On this day in 1995,
Nellie Batson Loines (far right) and team-mates in Copenhagen, 1959.
a noted national and international athlete, Nellie Batson Loines, passed away. Nellie was a native of Birmingham and had a highly successful track career, winning over 200 medals in track races. Born on 12 February 1927 Loines entered her first competition as a member of the Small Heath Harriers sport club before the age of twenty. She made a spectacular national debut, taking first place in both the 800 metre and one mile races at the 1947 Women’s Amateur Athletic Association competition at Chiswick.
Nellie Batson Loines was also an avid road walker and was co-founder of the first British international road walking team. In 1959 they travelled to Copenhagen to successfully represent England against the Danish national team. Amongst her papers can be found the itinerary for the visit, hosted by the Dansk Gangforbund, a member of the Danish Sports Federation (Central Association of Physical Training).
Itinerary for a visit to Denmark in 1959
After twelve years of regular competition, Nellie decided to retire from track to, in her words, ‘take things easy’. Following her retirement from athletics, she worked as a clerk at Wilsdon and Company until her death on 13 January 1995.
In 1960 Nellie Batson Loines was elected a lifetime member of the Small Heath Harriers and the collection attesting to her athletic achievements can be found in Archives, Heritage and Photography at the Library of Birmingham.
Kevin Roberts, Archivist Nicola Crews, Archivist
Report on the shooting of Aston Villa player, Thomas Ball, from the Birmingham Mail, 12 November 1923
I joined the local history society in 1990, I found that one of the items that they had was a transcript of the Burial register of St Johns Church. As I was the postman at the Church I decided that when I retired I would transcribe the Baptism and Marriage registers – this is what I am doing at the moment.
There are many entries of interest, but two are regarding Aston Villa Players:
- the Marriage of Joseph Henry Hampton (known as Happy Harry Hampton) in 1906 (EP 18/2/3/4)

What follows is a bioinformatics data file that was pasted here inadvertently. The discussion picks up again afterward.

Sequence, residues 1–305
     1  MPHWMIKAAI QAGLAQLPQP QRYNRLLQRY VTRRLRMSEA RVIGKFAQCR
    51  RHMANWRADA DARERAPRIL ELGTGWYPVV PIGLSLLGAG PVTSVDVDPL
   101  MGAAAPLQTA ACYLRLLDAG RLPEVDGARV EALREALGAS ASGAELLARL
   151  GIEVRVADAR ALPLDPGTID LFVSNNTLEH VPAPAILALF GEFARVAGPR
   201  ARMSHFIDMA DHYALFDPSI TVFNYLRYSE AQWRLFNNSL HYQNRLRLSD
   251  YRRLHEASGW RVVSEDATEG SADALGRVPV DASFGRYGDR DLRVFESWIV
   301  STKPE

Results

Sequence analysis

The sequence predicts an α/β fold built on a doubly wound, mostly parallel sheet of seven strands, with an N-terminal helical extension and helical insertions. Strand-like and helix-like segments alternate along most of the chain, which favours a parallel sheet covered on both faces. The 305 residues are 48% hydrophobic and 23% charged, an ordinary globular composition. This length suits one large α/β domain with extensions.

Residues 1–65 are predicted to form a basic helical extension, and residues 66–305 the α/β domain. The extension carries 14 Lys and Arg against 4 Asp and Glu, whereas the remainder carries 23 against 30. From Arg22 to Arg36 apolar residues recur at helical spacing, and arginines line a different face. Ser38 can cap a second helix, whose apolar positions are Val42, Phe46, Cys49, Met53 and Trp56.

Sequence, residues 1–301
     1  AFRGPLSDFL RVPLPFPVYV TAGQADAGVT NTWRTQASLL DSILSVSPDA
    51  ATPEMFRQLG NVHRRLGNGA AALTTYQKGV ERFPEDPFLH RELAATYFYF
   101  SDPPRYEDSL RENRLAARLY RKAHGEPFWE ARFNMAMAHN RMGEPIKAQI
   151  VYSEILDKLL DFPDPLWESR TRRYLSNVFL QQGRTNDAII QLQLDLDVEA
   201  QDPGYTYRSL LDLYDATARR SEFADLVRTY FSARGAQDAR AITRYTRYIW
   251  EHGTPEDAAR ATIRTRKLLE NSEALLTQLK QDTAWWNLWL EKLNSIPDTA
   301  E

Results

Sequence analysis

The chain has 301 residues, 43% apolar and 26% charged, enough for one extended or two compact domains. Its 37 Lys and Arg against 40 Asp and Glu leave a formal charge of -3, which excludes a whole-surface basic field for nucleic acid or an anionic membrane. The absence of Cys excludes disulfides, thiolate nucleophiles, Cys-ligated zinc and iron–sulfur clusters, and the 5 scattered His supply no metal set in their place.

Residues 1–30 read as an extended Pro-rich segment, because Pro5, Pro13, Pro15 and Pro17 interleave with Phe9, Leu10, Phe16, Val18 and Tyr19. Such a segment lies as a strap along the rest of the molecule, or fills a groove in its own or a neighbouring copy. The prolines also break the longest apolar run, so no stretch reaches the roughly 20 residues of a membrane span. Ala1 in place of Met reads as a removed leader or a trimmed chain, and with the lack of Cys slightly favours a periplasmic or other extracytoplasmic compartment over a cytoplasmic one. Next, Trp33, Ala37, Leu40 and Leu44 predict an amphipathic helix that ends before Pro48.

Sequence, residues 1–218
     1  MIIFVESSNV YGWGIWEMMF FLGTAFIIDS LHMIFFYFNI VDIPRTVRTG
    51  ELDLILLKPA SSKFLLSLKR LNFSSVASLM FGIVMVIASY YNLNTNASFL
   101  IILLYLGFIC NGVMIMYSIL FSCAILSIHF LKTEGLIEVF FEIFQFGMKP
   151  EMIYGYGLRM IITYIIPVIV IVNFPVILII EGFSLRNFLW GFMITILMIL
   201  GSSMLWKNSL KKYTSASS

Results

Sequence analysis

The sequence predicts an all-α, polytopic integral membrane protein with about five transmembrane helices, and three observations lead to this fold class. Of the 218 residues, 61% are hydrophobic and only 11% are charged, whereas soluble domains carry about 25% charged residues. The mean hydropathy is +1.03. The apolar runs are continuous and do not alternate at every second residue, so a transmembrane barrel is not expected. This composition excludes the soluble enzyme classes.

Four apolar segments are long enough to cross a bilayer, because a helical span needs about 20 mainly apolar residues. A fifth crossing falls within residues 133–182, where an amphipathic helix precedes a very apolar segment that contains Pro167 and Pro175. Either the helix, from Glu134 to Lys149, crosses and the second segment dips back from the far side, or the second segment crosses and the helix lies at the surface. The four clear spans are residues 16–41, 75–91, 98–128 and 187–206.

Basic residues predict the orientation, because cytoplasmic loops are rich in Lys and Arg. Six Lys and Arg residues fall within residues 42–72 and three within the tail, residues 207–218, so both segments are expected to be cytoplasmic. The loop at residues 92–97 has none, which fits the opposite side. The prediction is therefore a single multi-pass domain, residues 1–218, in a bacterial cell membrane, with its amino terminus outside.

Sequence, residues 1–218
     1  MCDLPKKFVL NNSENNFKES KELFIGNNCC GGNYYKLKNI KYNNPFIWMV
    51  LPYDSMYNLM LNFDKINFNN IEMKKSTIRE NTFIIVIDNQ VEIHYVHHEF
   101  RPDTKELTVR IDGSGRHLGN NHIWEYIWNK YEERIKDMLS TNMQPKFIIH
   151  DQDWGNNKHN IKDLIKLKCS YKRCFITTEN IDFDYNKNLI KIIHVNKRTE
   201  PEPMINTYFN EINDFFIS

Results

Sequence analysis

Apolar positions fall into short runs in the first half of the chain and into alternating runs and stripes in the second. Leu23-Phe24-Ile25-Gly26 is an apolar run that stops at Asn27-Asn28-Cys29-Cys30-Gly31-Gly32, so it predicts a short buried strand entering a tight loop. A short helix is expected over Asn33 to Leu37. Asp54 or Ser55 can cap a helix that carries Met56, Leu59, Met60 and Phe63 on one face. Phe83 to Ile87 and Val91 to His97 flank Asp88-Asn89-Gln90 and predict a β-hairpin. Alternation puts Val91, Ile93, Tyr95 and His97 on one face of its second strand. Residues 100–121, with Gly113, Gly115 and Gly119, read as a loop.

- the Burial of Thomas Edgar Ball (known as Tommy Ball, the first Footballer to be murdered in England) in 1923 (EP 18/2/4/4)
With special thanks for this article to: Roger Henney
Sketches of excercise movements from ‘Cinematographic Reader’, Birmingham Athletic Institute, 1930s (Ref: MS 1468/4/1)
With the London Olympic Games still in mind it seems timely to examine some of the history behind the ideals of the Games through the records of the Birmingham Athletic Institute.
Firstly, a quick re-cap of Olympic history: the first Olympians (official starting date 776 BC) engaged in running events, a pentathlon (jumping, discus, javelin, foot race and wrestling), boxing, wrestling and equestrian events (more chariots than dressage), and was staged in Olympia, Greece.
All hail Coroebus, who tradition has it, was the first Olympic Champion and a cook from the city of Elis. The ancient games were not only a manifestation of human physical endurance, but also of hugely fundamental religious significance; the sports went side by side with ritual sacrifices honouring Zeus whose famous statue by Phidias stood in his temple at Olympia and was known as one of the Seven Wonders of the ancient world. The ancient games had run their course by the 5th century AD, mainly due to the spreading Roman influence in Greece. Official ending date is either 393 AD (end of all pagan cults and practices by order of the emperor) or 426 AD (ordered destruction of all Greek Temples) – take your pick.
If you have been inspired by Bradley Wiggins’ triumphs
This bicycle was already about 80 years out of fashion when it appeared in the 1900 catalogue, with the aim of showing prospective purchasers how much better new bicycles were [Ref: MS 4208/3/9/4]
in the Tour de France and in the Olympics to take up cycling as a sport, think of those who were inspired a hundred years ago or more – cycling was one of the sports featured in the modern Olympics from the beginning in 1896.
Who Steers? Tricyle for Two, 1898
All of these exhibitions were held at Bingley Hall, which was on a small section of the site now occupied by the ICC, just off Broad Street.
What choice was there then – a bicycle or even a tricycle made for two. The illustrations in this blog are from a series of Birmingham exhibitions catalogues bound in volumes:
- 1884 – Catalogue of the Third Annual Exhibition of Bicycles, Tricycles and Accessories, organised by Speedwell Bicycle Club [MS 4208/3/8/3]
- 1897 – First Annual Midland Cycle & Motor Car Exhibition [MS 4208/3/9/1]
- 1898 – Second Annual Midland Cycle & Motor Car Exhibition [MS 4208/3/9/2]
- 1900 – Fourth Annual Midland Cycle & Motor Car Exhibition [MS 4208/3/9/4]
- 1902 – Sports and Pastimes Exhibitions Ltd. [MS 4208/3/9/5]
Birmingham Exhibition Catalogues: 1884; 1897; 1900; 1902 [Ref: MS 4208/3]
The catalogues represented the most up-to-date bicycles – or motor bicycles – available then. By 1900 some of the bicycles on sale are not unlike some bicycles today.
Our Outreach & Education team have just put up an exhibition on Floor 1 of Birmingham Central Library as part of their work with Paganel Primary School. The exhibition is of photos taken by the children to document their week of Olympic activities. This is part of a Heritage Lottery funded project to create their own archive of the school and its community.
If you are in visiting us over the next few weeks the photographs are well worth a look. For more information on their work on the archive including some great photos and taster oral history interviews see www.paganelschool.com/blog.